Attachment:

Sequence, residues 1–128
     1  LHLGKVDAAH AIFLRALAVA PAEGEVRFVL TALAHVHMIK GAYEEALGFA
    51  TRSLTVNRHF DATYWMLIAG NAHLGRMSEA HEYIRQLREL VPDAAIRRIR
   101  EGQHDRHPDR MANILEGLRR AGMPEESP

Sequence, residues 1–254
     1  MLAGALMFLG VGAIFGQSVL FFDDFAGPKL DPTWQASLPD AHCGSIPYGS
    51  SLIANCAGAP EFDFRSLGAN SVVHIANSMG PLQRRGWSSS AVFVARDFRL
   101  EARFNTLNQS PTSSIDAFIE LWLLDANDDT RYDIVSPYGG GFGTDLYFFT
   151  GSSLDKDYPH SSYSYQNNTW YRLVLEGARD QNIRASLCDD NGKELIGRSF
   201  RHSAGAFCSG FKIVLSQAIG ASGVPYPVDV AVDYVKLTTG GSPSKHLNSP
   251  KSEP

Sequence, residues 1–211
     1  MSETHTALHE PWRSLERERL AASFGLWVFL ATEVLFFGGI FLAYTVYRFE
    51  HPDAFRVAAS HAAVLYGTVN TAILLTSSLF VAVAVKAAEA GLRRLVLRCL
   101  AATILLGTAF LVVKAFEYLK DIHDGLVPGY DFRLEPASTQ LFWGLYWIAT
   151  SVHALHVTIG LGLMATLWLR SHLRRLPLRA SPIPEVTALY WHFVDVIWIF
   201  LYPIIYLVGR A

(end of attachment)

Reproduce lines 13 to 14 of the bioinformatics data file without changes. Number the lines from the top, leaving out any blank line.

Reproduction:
     1  MSETHTALHE PWRSLERERL AASFGLWVFL ATEVLFFGGI FLAYTVYRFE
    51  HPDAFRVAAS HAAVLYGTVN TAILLTSSLF VAVAVKAAEA GLRRLVLRCL